This opinion will be unpublished and

may not be cited except as provided by

Minn. Stat. § 480A.08, subd. 3 (2006).




Tony L. Everette,


C-Aire Inc.,

Department of Employment and Economic Development,


Filed December 11, 2007


Halbrooks, Judge


Department of Employment and Economic Development

File No. 6769 06


Stephen H. Parsons, Charles A. Horowitz, Andrew T. Jackola, Mansfield, Tanick & Cohen, P.A., 1700 U.S. Bank Plaza South, 220 South 6th Street, Minneapolis, MN 55402 (for relator)


C-Aire Inc., P.O. Box 129, Wyoming, MN 55092 (respondent)


Lee B. Nelson, Minnesota Department of Employment and Economic Development, 1st National Bank Building, 332 Minnesota Street, Suite E200, St. Paul, MN 55101 (for respondent department)



            Considered and decided by Dietzen, Presiding Judge; Randall, Judge; and Halbrooks, Judge.

U N P U B L I S H E D   O P I N I O N


            In this certiorari appeal, relator challenges the decision of an unemployment-law judge (ULJ) that he is disqualified from receiving unemployment benefits.  We affirm.


            Relator Tony Everette is the owner of two interchangeable sole proprietorships, DE Parts Supply and Everette Marketing Services (collectively DE Parts).  Through DE Parts, Everette sells Chinese-made cast-iron pumps and replacement parts for air compressors.  In 2005, he had 15 to 20 regular customers.

            Respondent C-Aire Incorporated is a manufacturer and distributor of air compressors.  C-Aire’s president is George Folk.  C-Aire sells over 20 models of air-compressor pumps, manufactured primarily in Italy and the United States.  While these pumps are similar to the Chinese version sold by DE Parts, they are made from aluminum and are higher quality.  When C-Aire wanted a Chinese pump, it purchased it through DE Parts.

            In March 2005, Everette approached Folk with a business proposition.  C-Aire would buy 90 containers of Chinese pumps from Everette at a reduced price and would pay the freight and duty charges from the importer.  Everette saved the costs of shipment and warehousing.  Everette would then resell the pumps to his preexisting customers at a markup of 15% over the price that C-Aire paid the importer.  Everette reduced this offer to writing in a memo to Folk dated March 23, 2005, but it was never signed by the parties.  Nevertheless, the parties began operating under an oral agreement, with the first container of pumps arriving on June 7, 2005. 

            In May 2005, Everette was hired as C-Aire’s marketing director.  His job duties included expanding C-Aire’s sales.  But the parties also continued to operate under the pre-employment agreement, and Everette was permitted to continue sales through DE Parts.  This combined relationship of business partners/employer-employee worked well for a time, until three incidents led to Everette’s termination from C-Aire.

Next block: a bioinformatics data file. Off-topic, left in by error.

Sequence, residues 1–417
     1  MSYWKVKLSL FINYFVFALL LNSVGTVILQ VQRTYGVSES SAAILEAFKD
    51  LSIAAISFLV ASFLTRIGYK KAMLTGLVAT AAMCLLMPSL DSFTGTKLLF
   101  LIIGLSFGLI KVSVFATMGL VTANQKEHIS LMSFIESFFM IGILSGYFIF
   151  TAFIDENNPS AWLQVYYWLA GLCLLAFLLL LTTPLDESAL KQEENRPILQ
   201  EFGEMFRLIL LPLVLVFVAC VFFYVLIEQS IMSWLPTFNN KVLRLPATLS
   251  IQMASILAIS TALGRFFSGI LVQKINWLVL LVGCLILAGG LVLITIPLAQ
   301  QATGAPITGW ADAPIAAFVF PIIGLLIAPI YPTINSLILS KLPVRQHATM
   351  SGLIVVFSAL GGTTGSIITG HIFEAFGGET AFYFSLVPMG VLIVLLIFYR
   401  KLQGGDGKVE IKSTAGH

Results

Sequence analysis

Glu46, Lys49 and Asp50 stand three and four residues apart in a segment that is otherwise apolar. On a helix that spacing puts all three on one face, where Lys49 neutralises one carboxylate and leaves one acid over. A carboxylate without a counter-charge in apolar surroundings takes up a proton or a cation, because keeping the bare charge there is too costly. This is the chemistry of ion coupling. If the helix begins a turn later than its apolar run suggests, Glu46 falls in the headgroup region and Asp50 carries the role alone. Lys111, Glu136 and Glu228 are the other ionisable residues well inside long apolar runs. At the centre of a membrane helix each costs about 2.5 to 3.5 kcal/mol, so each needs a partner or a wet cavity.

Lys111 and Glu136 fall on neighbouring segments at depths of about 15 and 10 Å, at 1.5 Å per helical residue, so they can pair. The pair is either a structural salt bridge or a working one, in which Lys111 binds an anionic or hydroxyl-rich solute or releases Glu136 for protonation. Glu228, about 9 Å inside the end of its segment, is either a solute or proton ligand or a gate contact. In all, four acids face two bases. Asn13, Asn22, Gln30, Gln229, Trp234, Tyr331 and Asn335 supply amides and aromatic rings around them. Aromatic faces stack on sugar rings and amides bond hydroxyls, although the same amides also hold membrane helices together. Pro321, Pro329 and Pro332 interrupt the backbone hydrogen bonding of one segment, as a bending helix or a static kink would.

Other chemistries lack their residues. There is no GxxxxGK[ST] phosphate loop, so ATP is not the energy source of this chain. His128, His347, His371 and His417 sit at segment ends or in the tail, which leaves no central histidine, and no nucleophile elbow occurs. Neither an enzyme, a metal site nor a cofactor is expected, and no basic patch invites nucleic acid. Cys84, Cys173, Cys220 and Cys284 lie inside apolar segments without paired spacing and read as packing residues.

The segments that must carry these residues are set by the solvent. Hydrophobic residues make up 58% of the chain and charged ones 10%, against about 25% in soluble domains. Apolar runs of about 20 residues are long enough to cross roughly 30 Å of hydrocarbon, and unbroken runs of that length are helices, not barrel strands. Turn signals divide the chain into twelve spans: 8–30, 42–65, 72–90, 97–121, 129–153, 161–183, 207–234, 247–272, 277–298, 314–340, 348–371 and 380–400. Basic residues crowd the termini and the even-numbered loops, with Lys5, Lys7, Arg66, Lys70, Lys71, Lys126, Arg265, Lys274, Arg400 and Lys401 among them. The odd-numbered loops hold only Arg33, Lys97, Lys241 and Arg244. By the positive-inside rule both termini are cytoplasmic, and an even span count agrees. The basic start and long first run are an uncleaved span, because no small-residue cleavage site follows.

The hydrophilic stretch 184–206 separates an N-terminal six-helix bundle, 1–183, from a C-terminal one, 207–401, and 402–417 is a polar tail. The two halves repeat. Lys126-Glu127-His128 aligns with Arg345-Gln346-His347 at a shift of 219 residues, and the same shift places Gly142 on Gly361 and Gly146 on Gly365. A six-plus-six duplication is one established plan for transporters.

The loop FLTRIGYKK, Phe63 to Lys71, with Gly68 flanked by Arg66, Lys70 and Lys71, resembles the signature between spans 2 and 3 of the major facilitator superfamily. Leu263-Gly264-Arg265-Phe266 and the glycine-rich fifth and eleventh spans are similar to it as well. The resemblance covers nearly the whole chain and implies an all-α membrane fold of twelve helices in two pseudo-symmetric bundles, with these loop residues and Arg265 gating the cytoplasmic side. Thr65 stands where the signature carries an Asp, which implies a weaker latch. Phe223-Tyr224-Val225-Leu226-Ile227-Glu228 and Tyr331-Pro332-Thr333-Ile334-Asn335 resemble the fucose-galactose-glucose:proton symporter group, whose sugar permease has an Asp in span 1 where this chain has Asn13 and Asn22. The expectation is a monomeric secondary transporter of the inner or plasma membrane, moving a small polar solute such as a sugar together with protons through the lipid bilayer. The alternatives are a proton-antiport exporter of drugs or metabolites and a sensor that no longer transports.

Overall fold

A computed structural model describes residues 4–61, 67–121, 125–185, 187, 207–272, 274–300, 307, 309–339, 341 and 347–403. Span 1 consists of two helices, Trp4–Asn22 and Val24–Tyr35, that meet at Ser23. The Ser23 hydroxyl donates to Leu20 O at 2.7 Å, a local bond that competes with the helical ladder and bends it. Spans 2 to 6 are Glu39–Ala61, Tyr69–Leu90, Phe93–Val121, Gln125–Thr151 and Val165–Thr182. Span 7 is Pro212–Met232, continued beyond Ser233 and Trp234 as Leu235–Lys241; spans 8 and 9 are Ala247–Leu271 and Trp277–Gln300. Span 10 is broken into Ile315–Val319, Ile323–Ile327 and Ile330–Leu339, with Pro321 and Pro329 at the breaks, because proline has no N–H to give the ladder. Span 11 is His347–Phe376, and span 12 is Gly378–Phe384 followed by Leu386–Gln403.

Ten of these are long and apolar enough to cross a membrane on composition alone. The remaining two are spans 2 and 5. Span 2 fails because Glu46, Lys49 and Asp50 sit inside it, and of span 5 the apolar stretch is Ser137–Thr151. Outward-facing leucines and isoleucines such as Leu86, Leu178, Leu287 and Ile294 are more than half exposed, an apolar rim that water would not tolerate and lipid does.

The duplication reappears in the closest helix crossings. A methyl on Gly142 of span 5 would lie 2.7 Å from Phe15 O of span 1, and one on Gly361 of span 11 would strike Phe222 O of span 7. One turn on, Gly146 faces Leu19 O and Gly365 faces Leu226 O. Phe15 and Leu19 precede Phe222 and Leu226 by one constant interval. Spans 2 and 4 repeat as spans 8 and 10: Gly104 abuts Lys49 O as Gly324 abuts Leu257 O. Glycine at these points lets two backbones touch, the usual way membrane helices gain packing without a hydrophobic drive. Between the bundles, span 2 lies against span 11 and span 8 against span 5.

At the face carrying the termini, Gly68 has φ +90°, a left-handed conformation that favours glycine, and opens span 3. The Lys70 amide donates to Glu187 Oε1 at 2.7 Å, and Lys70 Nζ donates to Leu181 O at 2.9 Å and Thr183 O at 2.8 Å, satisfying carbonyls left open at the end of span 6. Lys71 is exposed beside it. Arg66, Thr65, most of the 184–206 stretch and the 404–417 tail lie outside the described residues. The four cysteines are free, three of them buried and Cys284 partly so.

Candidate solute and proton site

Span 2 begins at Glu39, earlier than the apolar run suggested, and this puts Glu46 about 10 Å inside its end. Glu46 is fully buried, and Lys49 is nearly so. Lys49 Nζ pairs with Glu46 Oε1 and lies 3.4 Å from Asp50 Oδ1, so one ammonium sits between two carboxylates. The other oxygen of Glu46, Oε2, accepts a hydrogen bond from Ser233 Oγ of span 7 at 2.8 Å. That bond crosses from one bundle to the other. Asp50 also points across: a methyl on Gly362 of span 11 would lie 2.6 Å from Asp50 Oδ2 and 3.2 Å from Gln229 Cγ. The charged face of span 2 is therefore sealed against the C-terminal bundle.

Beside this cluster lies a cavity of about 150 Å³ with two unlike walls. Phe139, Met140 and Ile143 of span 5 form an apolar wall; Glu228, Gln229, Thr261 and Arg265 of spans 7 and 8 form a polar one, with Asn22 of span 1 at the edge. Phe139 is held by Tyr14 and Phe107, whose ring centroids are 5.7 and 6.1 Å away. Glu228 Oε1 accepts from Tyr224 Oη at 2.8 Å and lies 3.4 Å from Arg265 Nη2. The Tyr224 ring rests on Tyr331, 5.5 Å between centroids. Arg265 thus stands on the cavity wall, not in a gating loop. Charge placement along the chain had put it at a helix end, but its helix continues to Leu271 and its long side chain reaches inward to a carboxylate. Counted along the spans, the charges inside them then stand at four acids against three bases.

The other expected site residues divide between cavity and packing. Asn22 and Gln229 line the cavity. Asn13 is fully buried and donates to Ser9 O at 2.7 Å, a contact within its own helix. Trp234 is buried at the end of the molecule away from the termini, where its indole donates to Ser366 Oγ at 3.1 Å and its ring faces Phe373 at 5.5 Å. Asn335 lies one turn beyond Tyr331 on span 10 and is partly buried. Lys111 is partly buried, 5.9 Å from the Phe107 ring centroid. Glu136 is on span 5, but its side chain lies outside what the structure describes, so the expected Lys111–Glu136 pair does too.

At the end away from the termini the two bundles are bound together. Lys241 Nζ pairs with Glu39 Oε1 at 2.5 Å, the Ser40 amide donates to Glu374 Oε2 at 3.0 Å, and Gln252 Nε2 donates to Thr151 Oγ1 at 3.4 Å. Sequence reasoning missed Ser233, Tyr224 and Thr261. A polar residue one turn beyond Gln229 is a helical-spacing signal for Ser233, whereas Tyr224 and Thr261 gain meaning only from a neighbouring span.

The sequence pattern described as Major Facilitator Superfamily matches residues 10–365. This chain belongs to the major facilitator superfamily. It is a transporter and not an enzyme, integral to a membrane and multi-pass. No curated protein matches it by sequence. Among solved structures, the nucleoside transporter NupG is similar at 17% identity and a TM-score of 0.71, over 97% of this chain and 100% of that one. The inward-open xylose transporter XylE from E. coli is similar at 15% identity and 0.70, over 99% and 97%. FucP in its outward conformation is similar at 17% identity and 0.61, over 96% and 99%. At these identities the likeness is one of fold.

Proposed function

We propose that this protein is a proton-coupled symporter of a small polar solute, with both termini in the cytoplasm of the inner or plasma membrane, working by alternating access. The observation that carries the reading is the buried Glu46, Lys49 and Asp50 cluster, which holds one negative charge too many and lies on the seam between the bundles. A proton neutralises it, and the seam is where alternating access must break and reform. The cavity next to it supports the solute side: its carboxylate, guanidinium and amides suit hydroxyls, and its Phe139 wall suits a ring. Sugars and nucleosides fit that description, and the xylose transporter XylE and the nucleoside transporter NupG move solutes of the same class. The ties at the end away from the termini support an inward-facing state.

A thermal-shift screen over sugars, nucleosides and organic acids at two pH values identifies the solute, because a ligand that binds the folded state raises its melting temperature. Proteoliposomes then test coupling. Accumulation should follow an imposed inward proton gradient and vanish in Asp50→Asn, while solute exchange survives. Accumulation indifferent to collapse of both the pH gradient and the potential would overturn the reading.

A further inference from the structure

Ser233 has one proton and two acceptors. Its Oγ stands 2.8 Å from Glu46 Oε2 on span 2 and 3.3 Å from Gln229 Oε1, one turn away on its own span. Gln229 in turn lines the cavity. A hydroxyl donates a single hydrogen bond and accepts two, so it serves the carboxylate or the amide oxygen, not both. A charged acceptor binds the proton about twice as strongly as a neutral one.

The first incident occurred when Everette presented Folk with a proposed order for approximately 100 Chinese pumps.  Everette proposed billing 30 pumps from the order directly to DE Parts so that he could in turn sell them, cutting C-Aire out of the arrangement.  After Folk objected and told Everette that he was violating their agreement, Everette changed the order so that the entire order went through C‑Aire.

            The second incident occurred when Folk found an invoice order dated March 14, 2006, from Steve’s Wholesale Distributors, Inc., in Oklahoma City that had been sent to C-Aire and DE Parts.  Folk assumed that Everette would fill the order in the manner that they had agreed to, i.e., purchasing C-Aire’s inventory and then selling to Steve’s Wholesale Distributors.  Instead, Everette filled the order through DE Parts, using parts from a warehouse in Atlanta where, unbeknownst to Folk, Everette was also storing parts.  When Folk confronted Everette about the transaction, Everette said that he had shipped pumps from Atlanta because it was less expensive. 

            The third incident occurred when Everette quoted prices on Italian and Chinese pumps for Air Supply Company, a customer of C‑Aire’s for 3-4 years.  Some of the prices quoted were for pumps that were stocked only by C-Aire, and some were stocked by both C-Aire and DE Parts.  Air Supply ultimately decided to order a type of pump that both C-Aire and DE Parts stocked.  Everette wrote up an order, using DE Parts to sell the pumps.  When confronted by Folk, Everette incorrectly claimed that Air Supply was a preexisting customer of DE Parts.

            Folk discharged Everette on March 31, 2006, based on his lack of trustworthiness in directly competing against C-Aire.  Everette sought unemployment benefits through the Minnesota Department of Employment and Economic Development, which initially found Everette to be eligible.  C-Aire appealed to the ULJ, who reversed the decision, based on a determination of employment misconduct.  After reconsideration, the ULJ affirmed her decision.  This appeal follows.